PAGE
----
Winfree gamely said that even if the arrestee has been released on bail by the time the DNA sample comes back from the laboratory, bail could be revoked.
The attacks from the court seemed to leave the Maryland law in tatters—until Deputy Solicitor General Michael Dreeben rose in support of DNA sampling.
Dreeben, the long-time expert on criminal law for the solicitor general’s office, changed the dynamics of the argument when he said to the court: "The future is near where there will be rapid DNA analyzers that are devices that can analyze and produce the identification material in the DNA within 90 minutes. And the design of the program is to put them at the booking station so that DNA can be taken and within 90 minutes that information is known."
Suddenly, DNA sampling began to look to the justices like fingerprinting, which has long been viewed as constitutional. If the DNA sample could be processed that quickly, then it could be justified as a method of verifying the identification of the suspect and of informing the bail decision.
Dreeben’s description of the future also changed how the justices questioned Kannon Shanmugam of Williams & Connolly, the lawyer for Alonzo King, the defendant in the case. When King was arrested on assault charges in 2009, police routinely took a DNA sample that linked him to a rape six years earlier. King sought suppression of the DNA evidence, and the Maryland state high court, the Court of Appeals, ruled in his favor, finding that the DNA was not needed by police for the initial arrest. As a result, the court ruled, King had a "sufficiently weighty and reasonable expectation of privacy" that was not outweighed by the state’s interest.
"Why isn’t this the fingerprinting of the 21st century?" Alito asked. "What is the difference?"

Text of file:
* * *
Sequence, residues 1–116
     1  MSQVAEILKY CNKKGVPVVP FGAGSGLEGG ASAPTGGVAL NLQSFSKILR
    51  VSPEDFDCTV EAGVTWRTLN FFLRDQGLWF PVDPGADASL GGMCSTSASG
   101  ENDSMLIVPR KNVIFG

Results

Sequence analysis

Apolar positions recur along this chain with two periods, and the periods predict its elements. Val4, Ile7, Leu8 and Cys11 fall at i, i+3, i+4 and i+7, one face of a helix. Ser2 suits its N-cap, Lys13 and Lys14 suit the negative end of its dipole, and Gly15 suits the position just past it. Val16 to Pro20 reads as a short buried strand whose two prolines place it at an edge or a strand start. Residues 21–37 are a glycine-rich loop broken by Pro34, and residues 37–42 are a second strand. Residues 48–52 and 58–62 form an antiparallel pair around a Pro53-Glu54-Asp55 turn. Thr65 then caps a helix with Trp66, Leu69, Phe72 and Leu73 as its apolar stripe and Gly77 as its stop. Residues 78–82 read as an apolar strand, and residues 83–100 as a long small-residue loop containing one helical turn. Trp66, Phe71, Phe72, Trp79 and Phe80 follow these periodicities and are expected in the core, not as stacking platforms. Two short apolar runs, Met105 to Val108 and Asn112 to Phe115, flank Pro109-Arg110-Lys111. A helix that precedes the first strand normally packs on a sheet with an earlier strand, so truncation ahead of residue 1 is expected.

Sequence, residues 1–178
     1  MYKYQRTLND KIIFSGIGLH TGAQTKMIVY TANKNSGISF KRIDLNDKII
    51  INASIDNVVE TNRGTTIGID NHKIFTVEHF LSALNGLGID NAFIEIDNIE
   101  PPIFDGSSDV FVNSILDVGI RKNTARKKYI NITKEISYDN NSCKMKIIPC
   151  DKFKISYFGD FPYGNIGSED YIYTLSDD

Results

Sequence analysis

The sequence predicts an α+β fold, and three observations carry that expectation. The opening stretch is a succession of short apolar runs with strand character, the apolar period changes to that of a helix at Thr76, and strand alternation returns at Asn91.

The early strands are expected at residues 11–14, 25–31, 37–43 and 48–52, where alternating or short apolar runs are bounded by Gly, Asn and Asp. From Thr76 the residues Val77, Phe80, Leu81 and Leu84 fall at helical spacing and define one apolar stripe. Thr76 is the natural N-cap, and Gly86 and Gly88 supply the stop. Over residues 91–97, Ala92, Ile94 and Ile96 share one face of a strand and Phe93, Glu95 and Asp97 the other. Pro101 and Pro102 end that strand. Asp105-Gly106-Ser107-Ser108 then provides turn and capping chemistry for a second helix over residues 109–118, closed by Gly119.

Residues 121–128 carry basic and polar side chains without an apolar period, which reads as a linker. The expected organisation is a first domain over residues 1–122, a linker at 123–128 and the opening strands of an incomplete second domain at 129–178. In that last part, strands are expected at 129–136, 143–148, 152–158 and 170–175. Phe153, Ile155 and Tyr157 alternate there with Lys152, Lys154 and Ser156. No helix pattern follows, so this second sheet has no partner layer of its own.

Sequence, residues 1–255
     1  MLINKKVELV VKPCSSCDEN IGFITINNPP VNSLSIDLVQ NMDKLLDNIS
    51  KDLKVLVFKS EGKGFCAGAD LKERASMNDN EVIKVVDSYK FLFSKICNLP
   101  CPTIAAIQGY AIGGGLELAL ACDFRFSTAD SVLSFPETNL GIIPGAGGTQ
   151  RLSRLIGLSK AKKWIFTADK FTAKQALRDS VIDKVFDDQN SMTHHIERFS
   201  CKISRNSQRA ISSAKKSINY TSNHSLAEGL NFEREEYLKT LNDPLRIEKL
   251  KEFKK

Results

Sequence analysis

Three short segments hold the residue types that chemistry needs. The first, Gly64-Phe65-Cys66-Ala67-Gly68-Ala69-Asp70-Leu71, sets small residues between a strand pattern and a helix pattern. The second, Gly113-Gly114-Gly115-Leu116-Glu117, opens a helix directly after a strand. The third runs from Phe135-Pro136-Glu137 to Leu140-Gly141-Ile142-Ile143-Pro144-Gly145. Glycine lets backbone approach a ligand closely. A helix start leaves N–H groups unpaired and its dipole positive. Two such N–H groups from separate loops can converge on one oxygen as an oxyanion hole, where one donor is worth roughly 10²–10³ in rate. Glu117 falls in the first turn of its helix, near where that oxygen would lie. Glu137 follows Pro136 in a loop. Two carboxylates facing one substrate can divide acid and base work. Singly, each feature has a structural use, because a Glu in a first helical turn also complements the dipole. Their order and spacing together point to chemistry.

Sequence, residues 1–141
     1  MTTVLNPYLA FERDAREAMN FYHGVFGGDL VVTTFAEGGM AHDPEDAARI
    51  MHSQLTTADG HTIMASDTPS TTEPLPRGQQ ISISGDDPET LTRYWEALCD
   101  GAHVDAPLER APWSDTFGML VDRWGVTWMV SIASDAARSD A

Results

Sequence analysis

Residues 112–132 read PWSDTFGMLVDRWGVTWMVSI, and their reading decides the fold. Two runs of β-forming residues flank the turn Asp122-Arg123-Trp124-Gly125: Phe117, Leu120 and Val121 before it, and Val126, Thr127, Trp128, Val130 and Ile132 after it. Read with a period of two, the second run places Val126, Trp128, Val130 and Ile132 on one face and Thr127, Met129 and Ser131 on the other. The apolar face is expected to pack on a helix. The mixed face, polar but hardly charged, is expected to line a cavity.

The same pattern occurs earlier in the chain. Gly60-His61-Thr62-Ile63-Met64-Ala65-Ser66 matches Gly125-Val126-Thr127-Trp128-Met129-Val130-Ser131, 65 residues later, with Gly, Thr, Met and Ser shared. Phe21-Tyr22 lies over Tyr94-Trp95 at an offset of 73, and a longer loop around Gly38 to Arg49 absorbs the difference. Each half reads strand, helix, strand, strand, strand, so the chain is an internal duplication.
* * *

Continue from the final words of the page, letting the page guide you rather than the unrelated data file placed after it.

Shanmugam said fingerprinting is less intrusive, reveals less information and "serves a special need," namely verifying the identity of the arrestee.
But Kagan, citing Dreeben’s comments, said the government’s position is, "Give us five years and this won’t look very different…so give us a break."
Shanmugam agreed the "analysis would be different" when DNA analysis is more immediate. But for now, if police want to investigate other crimes, "they have to do what they would have to do as an ordinary citizen."
The debate seemed to leave justices in a quandary. When Maryland’s Winfree rose again in rebuttal, Roberts asked with seeming exasperation, "You say in two years we will have this rapid DNA available, but we don’t now. Don’t I have to base a decision on what we have today?"
Twenty-eight states now permit taking samples from arrestees, with the results forwarded to a database. New York is not among them. It forwards DNA samples only from people convicted of felonies and misdemeanors.
@|Tony Mauro covers the U.S. Supreme Court for ALM, the Law Journal’s parent. He can be contacted at email@example.com.